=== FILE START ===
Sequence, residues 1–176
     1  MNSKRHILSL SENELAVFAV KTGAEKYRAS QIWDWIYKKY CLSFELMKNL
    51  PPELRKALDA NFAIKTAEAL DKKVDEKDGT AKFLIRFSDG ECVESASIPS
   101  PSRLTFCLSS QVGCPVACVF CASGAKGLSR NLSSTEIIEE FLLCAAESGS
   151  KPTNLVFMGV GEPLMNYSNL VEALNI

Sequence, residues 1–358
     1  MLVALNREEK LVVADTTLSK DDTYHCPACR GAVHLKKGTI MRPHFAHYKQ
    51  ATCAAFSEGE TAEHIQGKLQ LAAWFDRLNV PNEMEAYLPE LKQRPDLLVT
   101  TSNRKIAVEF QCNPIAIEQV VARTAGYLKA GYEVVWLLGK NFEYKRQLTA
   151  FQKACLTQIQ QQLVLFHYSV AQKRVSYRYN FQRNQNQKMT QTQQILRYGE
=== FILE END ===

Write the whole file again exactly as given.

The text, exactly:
Sequence, residues 1–176
     1  MNSKRHILSL SENELAVFAV KTGAEKYRAS QIWDWIYKKY CLSFELMKNL
    51  PPELRKALDA NFAIKTAEAL DKKVDEKDGT AKFLIRFSDG ECVESASIPS
   101  PSRLTFCLSS QVGCPVACVF CASGAKGLSR NLSSTEIIEE FLLCAAESGS
   151  KPTNLVFMGV GEPLMNYSNL VEALNI

Sequence, residues 1–358
     1  MLVALNREEK LVVADTTLSK DDTYHCPACR GAVHLKKGTI MRPHFAHYKQ
    51  ATCAAFSEGE TAEHIQGKLQ LAAWFDRLNV PNEMEAYLPE LKQRPDLLVT
   101  TSNRKIAVEF QCNPIAIEQV VARTAGYLKA GYEVVWLLGK NFEYKRQLTA
   151  FQKACLTQIQ QQLVLFHYSV AQKRVSYRYN FQRNQNQKMT QTQQILRYGE